Skin Microbiome 101—A Nutritionist and Dermatologist Break Down the Latest Buzzword in Beauty

Glowing from the inside out.

By Caitlin Clark

For those who find themselves in the middle of the skincare junkie/biology nerd Venn diagram, there always seems to be something fun to dig into these days. From studying how the food we eat affects our complexion to examining the acidity levels of cleansers, tending to our skin can often feel like a science experiment. After learning the ins and outs of probiotic skincare, we decided to turn our attention entirely to the skin microbiome, whose star has been rapidly ascending in the beauty world.

As it should: the skin microbiome communicates with our immune system to fight inflammation, protect against infection, and maintain the overall health of our skin. If that doesn’t warrant becoming a buzzword, what could?

To put it plainly, the skin microbiome is a hero, but it needs our support to truly thrive—and help us achieve the glowy complexion of our dreams. There a several different topical and ingestible ways to do just that, so we tapped two experts on the matter, Dr. Dendy Engelman, a board-certified cosmetic dermatologist, and Edie Horstman, a certified integrative nutrition health coach and founder of Wellness With Edie, to guide us on our own skin microbiome journey.

Soluna skincare, Kimberly Snyder's morning routine, beauty, bathroom

So, what exactly is the skin microbiome?

“The skin microbiome—known informally as the “flora”—is comprised of microorganisms (bacteria, fungi, mites) on the skin’s surface,” Dr. Engelman says. “These microorganisms help maintain the health of your skin barrier and body by preventing unwanted organisms from flourishing, which could lead to conditions like yeast or fungal infections on the skin, psoriasis, eczema, dandruff, and more.”

According to Mind Body Green, the skin microbiome thrives in a fairly acidic environment (an ideal pH balance is about 5.0). This allows the skin to keep disease-causing pathogens at bay the same way healthy gut bacteria protect us. Maintaining that magic pH number is largely about finding the right skincare products and making sure you’re not overdoing it in the cleansing department (more on that next).

How can you protect the skin’s microbiome?

One of the mistakes Dr. Engelman often sees patients make is going overboard with their skincare, believing that more is better while actually throwing off their microbiome, which can cause even bigger issues. She believes a routine should be simple: double cleanse, toner, serum, eye cream, and moisturizer—and, of course, sunscreen in the morning.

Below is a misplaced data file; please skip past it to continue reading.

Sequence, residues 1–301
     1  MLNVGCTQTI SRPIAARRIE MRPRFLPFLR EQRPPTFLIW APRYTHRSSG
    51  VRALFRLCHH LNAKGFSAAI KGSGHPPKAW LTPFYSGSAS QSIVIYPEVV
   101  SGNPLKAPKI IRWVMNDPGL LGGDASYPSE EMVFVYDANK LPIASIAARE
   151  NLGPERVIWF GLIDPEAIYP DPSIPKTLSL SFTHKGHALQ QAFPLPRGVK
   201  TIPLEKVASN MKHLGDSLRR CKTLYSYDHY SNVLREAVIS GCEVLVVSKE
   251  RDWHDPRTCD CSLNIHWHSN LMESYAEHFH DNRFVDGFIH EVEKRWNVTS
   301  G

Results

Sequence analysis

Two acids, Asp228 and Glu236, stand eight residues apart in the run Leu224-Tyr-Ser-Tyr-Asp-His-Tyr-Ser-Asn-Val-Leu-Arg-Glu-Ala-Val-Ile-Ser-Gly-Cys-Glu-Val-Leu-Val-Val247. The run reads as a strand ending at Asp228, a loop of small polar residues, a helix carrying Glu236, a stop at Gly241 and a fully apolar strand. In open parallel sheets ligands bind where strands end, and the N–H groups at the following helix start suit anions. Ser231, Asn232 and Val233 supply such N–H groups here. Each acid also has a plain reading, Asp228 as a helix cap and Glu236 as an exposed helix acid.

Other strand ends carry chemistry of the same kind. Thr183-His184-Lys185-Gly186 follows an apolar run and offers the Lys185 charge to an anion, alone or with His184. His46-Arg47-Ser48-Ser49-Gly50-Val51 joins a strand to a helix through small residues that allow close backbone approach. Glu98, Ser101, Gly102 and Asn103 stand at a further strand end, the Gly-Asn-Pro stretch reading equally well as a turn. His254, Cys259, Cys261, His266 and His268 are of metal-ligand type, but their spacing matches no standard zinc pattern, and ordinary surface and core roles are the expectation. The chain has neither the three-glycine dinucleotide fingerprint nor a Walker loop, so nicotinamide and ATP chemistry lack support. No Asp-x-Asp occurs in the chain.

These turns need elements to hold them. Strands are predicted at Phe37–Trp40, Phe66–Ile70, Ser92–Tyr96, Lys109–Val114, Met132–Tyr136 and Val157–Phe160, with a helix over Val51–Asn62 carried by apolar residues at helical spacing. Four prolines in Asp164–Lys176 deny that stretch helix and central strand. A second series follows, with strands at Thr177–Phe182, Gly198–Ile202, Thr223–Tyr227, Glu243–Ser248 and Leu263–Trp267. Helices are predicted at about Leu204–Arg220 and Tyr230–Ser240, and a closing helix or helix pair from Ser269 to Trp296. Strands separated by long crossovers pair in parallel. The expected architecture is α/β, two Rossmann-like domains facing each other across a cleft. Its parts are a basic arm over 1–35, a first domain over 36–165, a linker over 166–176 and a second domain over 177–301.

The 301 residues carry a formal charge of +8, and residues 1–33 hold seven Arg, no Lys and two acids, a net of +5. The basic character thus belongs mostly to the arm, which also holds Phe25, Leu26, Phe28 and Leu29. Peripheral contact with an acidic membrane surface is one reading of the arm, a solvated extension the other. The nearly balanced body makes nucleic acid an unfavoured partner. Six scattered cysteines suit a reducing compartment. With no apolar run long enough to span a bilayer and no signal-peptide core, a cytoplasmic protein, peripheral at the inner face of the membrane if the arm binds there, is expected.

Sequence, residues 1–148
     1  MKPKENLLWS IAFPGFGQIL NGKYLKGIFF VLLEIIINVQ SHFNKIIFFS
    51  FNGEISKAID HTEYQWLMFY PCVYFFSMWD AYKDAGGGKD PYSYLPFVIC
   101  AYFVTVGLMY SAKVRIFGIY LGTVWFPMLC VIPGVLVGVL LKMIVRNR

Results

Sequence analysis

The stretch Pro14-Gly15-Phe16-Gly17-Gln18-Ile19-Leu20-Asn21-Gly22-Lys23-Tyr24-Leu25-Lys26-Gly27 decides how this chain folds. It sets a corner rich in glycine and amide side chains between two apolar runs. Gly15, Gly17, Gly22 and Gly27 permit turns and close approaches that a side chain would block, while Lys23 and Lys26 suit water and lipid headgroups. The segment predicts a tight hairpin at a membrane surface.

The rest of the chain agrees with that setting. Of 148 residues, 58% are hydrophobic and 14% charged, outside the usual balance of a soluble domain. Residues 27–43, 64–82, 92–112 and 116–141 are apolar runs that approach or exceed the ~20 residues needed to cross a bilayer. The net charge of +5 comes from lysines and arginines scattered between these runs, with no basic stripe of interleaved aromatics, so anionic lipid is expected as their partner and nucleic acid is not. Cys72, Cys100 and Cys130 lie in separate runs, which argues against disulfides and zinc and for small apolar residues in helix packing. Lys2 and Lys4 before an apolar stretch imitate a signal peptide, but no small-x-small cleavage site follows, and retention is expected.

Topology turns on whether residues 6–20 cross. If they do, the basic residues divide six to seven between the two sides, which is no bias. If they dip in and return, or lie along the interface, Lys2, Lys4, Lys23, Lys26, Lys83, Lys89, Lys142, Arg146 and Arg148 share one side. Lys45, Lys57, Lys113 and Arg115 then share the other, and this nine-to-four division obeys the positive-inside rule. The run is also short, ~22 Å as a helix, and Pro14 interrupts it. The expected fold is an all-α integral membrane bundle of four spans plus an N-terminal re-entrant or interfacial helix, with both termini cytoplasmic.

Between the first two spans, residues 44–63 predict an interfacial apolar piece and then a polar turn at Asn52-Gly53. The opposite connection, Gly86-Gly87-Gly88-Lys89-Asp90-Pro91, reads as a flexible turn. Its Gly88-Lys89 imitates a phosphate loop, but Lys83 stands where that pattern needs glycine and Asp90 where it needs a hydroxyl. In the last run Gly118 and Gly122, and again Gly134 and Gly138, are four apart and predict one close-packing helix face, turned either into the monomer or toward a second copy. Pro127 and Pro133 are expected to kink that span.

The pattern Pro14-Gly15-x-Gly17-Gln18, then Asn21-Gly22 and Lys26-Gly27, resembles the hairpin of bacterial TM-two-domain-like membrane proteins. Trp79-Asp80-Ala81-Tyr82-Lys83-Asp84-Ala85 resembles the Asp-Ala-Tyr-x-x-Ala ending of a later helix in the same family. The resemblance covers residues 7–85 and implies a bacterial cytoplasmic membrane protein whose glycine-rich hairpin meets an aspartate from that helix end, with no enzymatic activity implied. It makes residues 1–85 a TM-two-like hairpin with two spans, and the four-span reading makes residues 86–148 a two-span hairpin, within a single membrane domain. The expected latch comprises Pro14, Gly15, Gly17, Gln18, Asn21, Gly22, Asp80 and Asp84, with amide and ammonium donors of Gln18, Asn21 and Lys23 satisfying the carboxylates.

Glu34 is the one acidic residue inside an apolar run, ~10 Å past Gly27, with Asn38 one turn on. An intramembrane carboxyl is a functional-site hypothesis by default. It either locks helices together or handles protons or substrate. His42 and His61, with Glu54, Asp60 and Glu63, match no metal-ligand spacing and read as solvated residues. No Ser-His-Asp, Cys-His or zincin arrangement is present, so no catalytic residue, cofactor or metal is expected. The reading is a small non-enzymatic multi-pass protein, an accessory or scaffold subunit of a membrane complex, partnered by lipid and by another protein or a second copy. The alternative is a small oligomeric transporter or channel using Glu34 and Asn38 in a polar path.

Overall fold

“If you feel like your skin is getting irritated or could use a refresh, swap out your usual products for formulas designed to balance pH, or formulated with skin-friendly probiotics,” Dr. Engelman says. “Using products designed to support the health of your skin microbiome can help it readjust and get back in balance.”

Products Dr. Engelman recommends are:

Elizabeth Arden’s Ceramide Replenishing Cleansing Oil

“I like to double cleanse: first removing makeup, pollutants, and debris with an oil cleanser, then deeply cleansing with a face wash. This ensures that you get a deep clean without stripping your skin of its natural oils. This product is formulated with essential lipids and antioxidants, so it replenishes skin with vital nourishment while removing impurities.” — Dr. Dendy Engelman


Epionce’s Lytic Gel Cleanser

Another Dr. Engelman favorite, this gel-based cleanser leaves skin feeling hydrated and refreshed.

What skincare mistakes can throw the skin microbiome off balance?

In addition to doing too much in the skincare department, the products themselves may be doing too much to our skin. Ingredients that are too harsh can strip the skin of the good, natural oils that keep things balanced.

“I see many patients who think that the more products they use and the more aggressive they are with their skin, the better and faster their results will be. This isn’t the case!” Dr. Engelman says. “When we’re too rough with our skin, we can throw off the balance of our microbiome and compromise the skin barrier, leading to irritated skin, breakouts, and even infection.”